PRESS RELEASE

Scientific Transparency Policies Should Be Uniform  

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For Immediate Release:  Wednesday, July 14, 2021
Contact:  Kirsten Stade kstade@peer.org

Scientific Transparency Policies Should Be Uniform

Agency-by-Agency Approach Undercuts Press Access and Freedom to Publish

Washington, DC — Despite Biden administration promises of scientific transparency, federal agencies today have greater discretion to withhold scientific research from public view than ever before, according to Public Employees for Environmental Responsibility (PEER).  Moreover, the agency-by-agency approach currently being pursued to revamp federal scientific integrity policies may mean even more restrictions on media access, scientists’ ability to publish, and the public release of federal research data.

Just days after his inauguration, President Biden commissioned a Scientific Integrity Task Force to reform agency practices.  Composed of agency officials, the Task Force appears committed to continued reliance on an agency-specific approach, which the PEER analysis concludes –

  • Gives rise to scientific gag orders on controversial topics and restrictions on scientists’ ability to seek publication of research results without official approval;
  • Favors bans on direct reporter contacts with scientists; and
  • Allows increased levels of secrecy shrouding research results.

“The current scientific integrity policies do not ensure scientific transparency, and, in some cases, result in just the opposite,” stated PEER Executive Director Tim Whitehouse, questioning why scientists in one agency should not have greater freedom than their colleagues in other agencies. “Achieving scientific transparency will require government-wide guarantees that scientists can speak and publish free from the political leashes wielded by agency overseers.”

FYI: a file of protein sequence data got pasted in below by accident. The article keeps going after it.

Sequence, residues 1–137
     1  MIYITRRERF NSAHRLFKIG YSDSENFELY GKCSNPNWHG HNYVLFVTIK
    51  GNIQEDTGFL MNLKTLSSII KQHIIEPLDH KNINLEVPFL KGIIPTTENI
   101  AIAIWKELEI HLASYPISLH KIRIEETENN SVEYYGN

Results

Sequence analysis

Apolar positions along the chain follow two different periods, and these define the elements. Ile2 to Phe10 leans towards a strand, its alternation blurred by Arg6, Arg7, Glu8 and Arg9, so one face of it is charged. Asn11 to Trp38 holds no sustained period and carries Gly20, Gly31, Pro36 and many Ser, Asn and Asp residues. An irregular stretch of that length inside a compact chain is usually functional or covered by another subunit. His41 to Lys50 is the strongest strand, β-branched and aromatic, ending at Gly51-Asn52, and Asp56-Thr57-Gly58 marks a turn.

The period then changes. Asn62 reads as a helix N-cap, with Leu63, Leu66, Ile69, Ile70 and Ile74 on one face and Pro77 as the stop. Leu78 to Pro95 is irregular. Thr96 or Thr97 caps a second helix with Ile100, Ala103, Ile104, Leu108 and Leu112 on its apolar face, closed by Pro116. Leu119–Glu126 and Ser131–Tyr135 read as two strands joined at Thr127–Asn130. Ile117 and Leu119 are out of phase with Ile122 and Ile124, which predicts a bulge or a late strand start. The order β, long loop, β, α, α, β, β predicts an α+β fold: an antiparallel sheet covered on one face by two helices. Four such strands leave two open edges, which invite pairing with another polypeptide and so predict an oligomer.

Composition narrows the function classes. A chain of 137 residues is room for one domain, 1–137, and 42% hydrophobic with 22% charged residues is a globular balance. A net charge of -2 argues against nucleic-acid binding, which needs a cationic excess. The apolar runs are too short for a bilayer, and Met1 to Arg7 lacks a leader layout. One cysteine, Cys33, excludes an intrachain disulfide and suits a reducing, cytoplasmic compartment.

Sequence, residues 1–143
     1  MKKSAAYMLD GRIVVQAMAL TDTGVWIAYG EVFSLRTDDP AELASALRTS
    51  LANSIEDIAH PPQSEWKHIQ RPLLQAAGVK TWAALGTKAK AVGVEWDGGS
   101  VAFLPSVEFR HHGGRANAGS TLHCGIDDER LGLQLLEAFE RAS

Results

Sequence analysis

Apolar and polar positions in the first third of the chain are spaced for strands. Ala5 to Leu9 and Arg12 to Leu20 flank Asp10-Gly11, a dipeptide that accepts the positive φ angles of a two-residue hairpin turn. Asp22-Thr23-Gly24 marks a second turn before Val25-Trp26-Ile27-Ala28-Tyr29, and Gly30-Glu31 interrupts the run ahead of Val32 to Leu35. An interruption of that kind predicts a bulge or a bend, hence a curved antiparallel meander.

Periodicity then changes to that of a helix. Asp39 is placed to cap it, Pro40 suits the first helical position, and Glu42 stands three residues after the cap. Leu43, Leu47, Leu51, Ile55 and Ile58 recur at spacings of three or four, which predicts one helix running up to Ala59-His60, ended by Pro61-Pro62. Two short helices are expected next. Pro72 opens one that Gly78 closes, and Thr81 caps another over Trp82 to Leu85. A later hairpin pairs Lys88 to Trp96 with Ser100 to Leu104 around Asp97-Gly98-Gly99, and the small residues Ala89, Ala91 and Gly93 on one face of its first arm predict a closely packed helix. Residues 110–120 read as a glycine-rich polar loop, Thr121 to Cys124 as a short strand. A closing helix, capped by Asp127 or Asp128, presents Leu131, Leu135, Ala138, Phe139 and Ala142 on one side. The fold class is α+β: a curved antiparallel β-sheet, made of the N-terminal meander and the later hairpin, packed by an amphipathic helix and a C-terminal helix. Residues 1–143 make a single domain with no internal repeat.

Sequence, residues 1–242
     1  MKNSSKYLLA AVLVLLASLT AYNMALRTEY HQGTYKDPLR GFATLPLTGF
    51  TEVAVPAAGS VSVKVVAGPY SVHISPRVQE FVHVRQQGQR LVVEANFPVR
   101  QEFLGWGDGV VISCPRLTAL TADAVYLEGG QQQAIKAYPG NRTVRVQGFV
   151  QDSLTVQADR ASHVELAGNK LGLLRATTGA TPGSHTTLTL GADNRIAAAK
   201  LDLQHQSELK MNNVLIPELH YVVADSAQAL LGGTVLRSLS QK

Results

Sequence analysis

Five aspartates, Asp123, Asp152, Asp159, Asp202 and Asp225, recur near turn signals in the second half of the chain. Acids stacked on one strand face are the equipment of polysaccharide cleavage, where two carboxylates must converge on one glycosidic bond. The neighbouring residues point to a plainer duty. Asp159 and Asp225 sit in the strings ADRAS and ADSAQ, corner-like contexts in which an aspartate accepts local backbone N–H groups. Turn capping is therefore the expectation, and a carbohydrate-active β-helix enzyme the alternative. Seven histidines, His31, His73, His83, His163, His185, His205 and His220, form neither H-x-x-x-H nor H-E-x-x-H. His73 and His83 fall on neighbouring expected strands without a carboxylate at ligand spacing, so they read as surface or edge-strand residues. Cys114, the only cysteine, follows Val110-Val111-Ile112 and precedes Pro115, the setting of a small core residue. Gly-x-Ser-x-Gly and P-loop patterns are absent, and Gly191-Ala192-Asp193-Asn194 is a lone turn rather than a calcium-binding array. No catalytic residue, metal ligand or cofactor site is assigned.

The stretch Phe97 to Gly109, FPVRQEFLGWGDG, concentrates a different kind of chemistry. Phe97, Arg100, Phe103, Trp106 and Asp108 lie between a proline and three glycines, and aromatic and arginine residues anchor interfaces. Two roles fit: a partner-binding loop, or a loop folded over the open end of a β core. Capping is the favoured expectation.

PEER cites the inherent bureaucratic desire to control information as giving rise to the need for government-wide policies issued from the White House. The PEER analysis cites examples of anti-transparency provisions buried within current agency-specific scientific integrity policies.  In addition, a recent U.S. Supreme Court decision buttresses the ability of agencies to withhold the release of research by keeping it locked up in “draft” form.

“Transparency is the indispensable antidote to political manipulation and suppression of science,” added Whitehouse, noting that the composition of the new Scientific Integrity Task Force is current agency officials.  “Asking the very officials who have for years perpetuated transparency restrictions to suddenly transform into agents of reform is somewhat problematic.  That is why we need definitive White House guidance on transparency.”

The Biden Scientific Integrity Task Force is now accepting public input through July 28th.

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Read the PEER scientific transparency analysis.

Look at USDA’s ban on publishing research papers with policy implications

View EPA’s struggles with media access

Examine differing agency policies on what is allowed in the administrative record

See new restrictions on the release of scientific research under FOIA

Revisit PEER’s submissions to White House Scientific Integrity Task Force